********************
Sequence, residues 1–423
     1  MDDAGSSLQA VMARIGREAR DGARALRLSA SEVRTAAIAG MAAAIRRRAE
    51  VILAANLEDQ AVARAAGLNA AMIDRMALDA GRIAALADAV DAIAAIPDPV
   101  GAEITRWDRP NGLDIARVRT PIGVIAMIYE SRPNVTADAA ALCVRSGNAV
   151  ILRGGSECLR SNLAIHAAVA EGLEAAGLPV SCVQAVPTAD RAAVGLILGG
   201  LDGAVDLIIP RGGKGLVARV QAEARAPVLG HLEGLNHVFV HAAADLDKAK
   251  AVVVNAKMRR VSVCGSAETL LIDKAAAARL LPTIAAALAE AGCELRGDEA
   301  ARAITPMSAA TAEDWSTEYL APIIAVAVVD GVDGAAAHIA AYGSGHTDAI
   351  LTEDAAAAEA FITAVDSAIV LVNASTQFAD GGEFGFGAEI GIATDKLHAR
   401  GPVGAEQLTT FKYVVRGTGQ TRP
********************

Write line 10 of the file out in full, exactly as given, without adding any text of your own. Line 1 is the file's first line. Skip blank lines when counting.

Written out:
   401  GPVGAEQLTT FKYVVRGTGQ TRP